Of course there were the malcontents: Dürer, Da Vinci, David, Rembrandt, Goya, Delacroix, Caravaggio; artists whose passion flowed from their brushes and etching needles and crayons to show there was more to realism than polished technique. When the American Colonies of the New World finally sought the trappings of civilisation after their Revolution and Westward Expansion, the Tripolitain War and the War of 1812 and the border wars with Mexico, both a native art and the arts of Europe began staking out new ground. All this civilisation arrived just in time for the birth of photography in the 1840s. The capturing of reflected light in an infinite scale of values preserved in silver halide crystals and fixed with hyposulphite forever democratised reality upside down and backwards on glass and paper, and held a mirror up to nature with the click of a mechanical shutter.

William Metcalf, Gloucester Harbour, 1895.

Oil on canvas, 66.4 x 74.3 cm.

Mead Art Museum, Amherst College,

Amherst, Massachusetts, gift of George D. Pratt.

And what did ‘true artists’ attempt to do with this brave new medium? Why, forced it to look like a painting, of course, and then hurried off to form orders, academies and societies and create rules of recognition for a ‘truly artistic’ photograph. The science and mechanics of photography originated in Europe, but its commercialisation, artistic pretension and ultimate creative potential were achieved in the United States, in the nation of immigrants who inherited the need to challenge the status quo. They passed along that need in their genes. The European wave of academic realism subsided at the hands of the nineteenth-century French Impressionists and tumbled into the larger-than-life theatricality and geographically diverse American scenes and lifestyles. Photography’s faithful translation of light and shadow into a reproducible image freed painters to pursue their imaginations. They could manipulate any of the elements: colour, line, perspective, placement, addition and subtraction, making the scene their reality. Realism as a monolithic, lock-step, strictly governed method of painterly visualisation shattered into nuances of interpretation.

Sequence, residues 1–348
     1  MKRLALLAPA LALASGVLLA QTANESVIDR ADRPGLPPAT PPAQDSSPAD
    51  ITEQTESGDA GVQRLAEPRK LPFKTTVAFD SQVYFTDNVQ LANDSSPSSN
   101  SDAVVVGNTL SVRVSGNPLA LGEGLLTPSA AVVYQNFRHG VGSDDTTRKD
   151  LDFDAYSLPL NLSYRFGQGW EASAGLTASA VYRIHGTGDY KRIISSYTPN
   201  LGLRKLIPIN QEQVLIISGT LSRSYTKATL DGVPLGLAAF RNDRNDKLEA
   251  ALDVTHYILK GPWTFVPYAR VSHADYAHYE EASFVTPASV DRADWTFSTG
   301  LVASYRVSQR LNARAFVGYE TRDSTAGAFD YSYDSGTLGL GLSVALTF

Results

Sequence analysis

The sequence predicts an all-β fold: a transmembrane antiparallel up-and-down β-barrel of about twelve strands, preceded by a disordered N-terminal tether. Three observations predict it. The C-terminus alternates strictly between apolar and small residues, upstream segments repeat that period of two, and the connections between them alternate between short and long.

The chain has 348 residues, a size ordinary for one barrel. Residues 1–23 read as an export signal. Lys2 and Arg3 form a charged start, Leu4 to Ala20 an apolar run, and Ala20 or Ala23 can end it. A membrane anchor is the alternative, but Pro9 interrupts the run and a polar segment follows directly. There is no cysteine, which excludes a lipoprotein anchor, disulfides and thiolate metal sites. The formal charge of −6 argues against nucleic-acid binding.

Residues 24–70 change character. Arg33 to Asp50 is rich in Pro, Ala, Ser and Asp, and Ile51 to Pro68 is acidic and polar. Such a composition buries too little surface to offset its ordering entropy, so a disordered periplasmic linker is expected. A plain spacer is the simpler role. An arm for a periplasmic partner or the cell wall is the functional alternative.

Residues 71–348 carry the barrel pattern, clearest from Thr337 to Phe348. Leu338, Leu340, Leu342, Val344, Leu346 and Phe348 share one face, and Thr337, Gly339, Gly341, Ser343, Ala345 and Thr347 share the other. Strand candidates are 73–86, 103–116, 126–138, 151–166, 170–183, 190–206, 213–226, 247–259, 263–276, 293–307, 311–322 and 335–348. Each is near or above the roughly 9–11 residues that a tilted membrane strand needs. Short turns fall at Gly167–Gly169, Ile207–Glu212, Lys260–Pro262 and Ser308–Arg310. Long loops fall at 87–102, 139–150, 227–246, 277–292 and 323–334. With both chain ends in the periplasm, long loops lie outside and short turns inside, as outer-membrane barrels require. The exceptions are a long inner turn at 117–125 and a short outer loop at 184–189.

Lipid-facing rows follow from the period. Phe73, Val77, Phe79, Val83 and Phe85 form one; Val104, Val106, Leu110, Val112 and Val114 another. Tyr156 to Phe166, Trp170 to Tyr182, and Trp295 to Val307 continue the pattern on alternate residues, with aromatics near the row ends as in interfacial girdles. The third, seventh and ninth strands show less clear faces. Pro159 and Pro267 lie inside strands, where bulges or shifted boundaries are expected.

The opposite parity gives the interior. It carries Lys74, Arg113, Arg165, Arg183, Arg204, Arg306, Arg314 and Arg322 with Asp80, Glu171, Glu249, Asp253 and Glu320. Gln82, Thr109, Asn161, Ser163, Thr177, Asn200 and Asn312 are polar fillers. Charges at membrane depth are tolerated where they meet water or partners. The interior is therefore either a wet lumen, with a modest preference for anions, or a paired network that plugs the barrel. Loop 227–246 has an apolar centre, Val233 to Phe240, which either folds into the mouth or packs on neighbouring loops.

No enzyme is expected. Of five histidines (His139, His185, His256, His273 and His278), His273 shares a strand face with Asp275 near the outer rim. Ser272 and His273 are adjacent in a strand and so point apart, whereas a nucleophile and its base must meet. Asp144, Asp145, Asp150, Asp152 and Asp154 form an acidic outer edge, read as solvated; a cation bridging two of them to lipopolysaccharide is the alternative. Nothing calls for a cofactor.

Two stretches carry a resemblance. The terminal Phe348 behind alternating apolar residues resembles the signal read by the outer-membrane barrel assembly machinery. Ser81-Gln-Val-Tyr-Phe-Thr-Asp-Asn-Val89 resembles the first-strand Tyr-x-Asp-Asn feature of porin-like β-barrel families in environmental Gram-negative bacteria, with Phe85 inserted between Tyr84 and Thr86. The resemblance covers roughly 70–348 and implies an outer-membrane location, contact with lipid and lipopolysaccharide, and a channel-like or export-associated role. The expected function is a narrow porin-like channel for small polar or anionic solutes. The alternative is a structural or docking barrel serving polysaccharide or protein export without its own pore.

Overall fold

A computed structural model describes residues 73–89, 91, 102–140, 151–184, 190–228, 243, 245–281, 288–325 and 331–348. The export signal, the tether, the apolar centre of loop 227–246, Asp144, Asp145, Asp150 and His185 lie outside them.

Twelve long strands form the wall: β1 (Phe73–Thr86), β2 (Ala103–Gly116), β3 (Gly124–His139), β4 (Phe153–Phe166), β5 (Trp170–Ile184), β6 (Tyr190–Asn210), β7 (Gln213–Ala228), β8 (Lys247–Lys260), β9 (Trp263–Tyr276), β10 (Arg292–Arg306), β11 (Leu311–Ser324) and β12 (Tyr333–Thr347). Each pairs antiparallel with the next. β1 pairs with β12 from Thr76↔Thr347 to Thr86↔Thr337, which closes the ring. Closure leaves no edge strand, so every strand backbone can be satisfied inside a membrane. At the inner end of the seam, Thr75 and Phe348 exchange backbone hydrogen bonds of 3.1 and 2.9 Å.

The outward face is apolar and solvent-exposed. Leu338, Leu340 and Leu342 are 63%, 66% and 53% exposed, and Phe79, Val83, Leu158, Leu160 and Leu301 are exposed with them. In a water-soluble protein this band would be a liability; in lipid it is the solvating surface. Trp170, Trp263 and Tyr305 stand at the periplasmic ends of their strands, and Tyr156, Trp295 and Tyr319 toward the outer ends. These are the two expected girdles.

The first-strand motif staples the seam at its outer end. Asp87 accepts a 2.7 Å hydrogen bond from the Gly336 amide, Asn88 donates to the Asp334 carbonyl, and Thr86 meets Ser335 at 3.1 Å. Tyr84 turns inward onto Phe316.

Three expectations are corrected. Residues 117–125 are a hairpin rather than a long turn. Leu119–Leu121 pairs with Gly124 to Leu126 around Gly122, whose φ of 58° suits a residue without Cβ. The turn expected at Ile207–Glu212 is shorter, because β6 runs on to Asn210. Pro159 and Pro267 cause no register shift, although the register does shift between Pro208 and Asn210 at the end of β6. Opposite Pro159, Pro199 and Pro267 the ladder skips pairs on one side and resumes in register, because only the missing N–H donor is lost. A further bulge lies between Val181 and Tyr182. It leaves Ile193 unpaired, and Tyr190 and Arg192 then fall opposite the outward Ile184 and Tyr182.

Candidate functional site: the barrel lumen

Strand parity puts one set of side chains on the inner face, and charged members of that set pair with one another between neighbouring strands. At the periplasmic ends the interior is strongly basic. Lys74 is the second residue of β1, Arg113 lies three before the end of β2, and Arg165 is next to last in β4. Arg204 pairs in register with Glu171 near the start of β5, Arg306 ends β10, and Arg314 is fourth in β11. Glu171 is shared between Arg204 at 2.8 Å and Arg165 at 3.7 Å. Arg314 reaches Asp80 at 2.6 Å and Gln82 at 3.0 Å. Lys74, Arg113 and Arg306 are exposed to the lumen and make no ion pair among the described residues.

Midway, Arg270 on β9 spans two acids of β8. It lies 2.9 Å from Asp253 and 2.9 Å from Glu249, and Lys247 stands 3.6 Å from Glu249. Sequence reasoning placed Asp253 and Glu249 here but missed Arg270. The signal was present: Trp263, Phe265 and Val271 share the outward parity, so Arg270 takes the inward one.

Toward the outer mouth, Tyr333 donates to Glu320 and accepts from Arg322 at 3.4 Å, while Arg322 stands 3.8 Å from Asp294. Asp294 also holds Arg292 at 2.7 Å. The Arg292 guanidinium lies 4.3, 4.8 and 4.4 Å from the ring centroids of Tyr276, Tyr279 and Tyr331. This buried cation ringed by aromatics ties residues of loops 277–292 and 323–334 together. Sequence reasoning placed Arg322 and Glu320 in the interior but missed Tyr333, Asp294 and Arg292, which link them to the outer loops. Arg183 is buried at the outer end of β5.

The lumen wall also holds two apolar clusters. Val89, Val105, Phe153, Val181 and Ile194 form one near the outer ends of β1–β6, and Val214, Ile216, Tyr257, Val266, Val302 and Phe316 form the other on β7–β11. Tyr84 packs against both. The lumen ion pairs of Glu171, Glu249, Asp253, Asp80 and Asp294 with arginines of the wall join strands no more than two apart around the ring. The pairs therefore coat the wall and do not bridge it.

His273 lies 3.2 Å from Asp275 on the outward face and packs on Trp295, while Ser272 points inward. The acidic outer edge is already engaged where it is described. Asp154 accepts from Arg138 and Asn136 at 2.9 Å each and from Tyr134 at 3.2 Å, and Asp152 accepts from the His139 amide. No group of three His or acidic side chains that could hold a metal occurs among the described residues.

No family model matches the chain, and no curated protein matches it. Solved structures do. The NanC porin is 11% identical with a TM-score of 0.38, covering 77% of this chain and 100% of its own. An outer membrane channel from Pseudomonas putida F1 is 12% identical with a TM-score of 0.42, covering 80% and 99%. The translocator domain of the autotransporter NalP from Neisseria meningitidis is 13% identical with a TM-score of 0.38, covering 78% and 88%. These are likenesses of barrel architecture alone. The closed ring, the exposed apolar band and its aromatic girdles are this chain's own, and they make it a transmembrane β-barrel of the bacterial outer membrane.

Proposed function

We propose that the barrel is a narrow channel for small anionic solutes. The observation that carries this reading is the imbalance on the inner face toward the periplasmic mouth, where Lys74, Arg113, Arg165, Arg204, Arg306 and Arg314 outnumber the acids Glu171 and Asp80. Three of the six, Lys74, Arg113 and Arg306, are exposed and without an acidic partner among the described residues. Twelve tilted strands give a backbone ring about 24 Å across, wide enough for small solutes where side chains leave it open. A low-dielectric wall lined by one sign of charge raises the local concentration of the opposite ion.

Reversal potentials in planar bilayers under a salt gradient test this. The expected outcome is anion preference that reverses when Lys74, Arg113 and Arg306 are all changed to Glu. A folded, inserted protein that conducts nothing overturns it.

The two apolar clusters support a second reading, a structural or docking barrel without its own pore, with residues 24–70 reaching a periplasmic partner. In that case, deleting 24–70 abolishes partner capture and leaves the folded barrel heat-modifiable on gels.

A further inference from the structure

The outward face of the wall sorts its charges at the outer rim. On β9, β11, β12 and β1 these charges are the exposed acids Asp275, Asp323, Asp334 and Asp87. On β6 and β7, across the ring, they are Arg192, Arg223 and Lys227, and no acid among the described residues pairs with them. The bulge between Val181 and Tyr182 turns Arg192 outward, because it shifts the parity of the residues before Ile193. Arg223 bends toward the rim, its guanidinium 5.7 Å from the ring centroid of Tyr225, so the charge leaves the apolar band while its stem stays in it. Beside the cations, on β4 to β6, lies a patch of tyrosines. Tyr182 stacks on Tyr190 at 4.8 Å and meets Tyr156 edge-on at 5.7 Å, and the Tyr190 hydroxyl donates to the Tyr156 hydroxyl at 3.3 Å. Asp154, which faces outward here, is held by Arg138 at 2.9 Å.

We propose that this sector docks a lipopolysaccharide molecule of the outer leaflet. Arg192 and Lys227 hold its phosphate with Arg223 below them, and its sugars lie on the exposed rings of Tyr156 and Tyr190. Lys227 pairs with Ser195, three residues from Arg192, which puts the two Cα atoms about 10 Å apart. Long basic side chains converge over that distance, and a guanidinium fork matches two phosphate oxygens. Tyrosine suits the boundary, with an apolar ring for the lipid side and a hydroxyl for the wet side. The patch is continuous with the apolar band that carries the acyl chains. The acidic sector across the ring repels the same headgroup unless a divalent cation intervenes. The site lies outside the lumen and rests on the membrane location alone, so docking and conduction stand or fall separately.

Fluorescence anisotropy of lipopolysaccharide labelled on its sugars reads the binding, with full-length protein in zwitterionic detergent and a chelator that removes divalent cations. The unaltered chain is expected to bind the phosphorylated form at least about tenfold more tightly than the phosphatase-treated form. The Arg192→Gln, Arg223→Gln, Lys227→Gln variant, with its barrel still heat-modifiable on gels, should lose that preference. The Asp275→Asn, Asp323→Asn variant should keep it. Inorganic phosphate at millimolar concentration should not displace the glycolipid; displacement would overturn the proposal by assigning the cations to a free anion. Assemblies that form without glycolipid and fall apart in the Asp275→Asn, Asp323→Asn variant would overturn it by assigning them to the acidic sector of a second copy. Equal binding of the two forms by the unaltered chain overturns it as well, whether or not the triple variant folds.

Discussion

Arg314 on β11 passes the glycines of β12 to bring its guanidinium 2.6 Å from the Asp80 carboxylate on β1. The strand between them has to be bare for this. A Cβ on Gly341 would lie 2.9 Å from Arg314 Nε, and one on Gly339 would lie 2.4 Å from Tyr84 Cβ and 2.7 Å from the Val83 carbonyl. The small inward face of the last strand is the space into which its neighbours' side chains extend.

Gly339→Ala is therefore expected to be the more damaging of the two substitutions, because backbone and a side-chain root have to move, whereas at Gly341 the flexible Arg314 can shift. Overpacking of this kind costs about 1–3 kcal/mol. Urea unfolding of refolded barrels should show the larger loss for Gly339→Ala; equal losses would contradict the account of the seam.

Where you painted could make you a Regional Realist. What you painted might label you a Genre Realist, or who you painted classified your work as Portrait Realist – or maybe a Portrait Regionalist Realist if you painted Native Americans in the West, or sea captains on the East Coast. There were Realists who brushed the style of French Impressionism into every canvas and Academic Realists who dragged the dog-eared mechanics featured in Old World European salons into scenes of American life. Some Realists successfully stepped back and forth across the line between commercial illustration and fine art. Others took realistic subjects into the realms of surrealism or shaved the medium to such a fine point; the results of which challenged the photographic arts.

John Sloan, Gloucester Harbour, 1916.

Oil on canvas, 66 x 81.3 cm.

Syracuse University Art Collection, Syracuse, New York.

Of the variations cited, there are even further nuances that mock the concept of ‘American Realism’ as an all-embracing style. What remains are American Realist artists, each facing subject matter that is part of the fabric of the American scene. The result of their efforts is determined by the filtering of their perceptions through their individual intellects, skill sets, training, regional influences, ethnic influences and basic nurturing. If there is any binding together it is within the tradition of Realist Art in the United States, which accepts such a range from Winslow Homer’s poetic watercolours of the 1860s to the haunting minutiae of Andrew Wyeth and melancholy light of Edward Hopper in the 1950s and 1960s.

This book presents a cross-section of American Realist artists spanning more than one hundred years of art. It begins as some artists struggle with the influences of Europe, and other home-grown painters bring their nineteenth-century American scenes to life, and ends as today’s generation of Realist painters co-exist with American Modernism and absorb this new freedom into the latest incarnation of their art. The range of talent is exceptional, touching on the broadest interpretation of the American Realist artist. In examining this cross-section, we can better understand and appreciate the amazing diversity and the infinitely variable Realist styles.

Eastman Johnson, Woman in White Dress, c. 1875.

Oil on paper board, 56.8 x 35.6 cm.

Fine Arts Museum of San Francisco, San Francisco,

California, gift of Mr. and Mrs. John D. Rockefeller III.



By the 1840s, the United States was still a work in progress. Its population had leaped 33 per cent from the previous decade to 17,063,353 with four states exceeding one million residents: New York, Pennsylvania, Ohio and Virginia. Texas signed up for annexation in 1845 and the first immigrant wagon trains headed west over the Santa Fe and Oregon Trails. In December of that same year, President James K. Polk told Congress it was the country’s manifest destiny to pursue expansion west and vigorously uphold the Monroe Doctrine.

These great events were just beginning to be communicated across the country by Samuel F.B. Morse’s telegraph, proven on 24 May 1844 with a message sent from Washington D.C. to Baltimore, Maryland that read, What God hath wrought. A somewhat less momentous event was taking place in a Boston studio as a twenty-year-old Eastman Johnson struggled to learn the mechanics of crayon and gum arabic in the art of stone lithography. This was journeyman work, a profession in the printing industry and his father had apprenticed him to the studio by to learn a useful trade.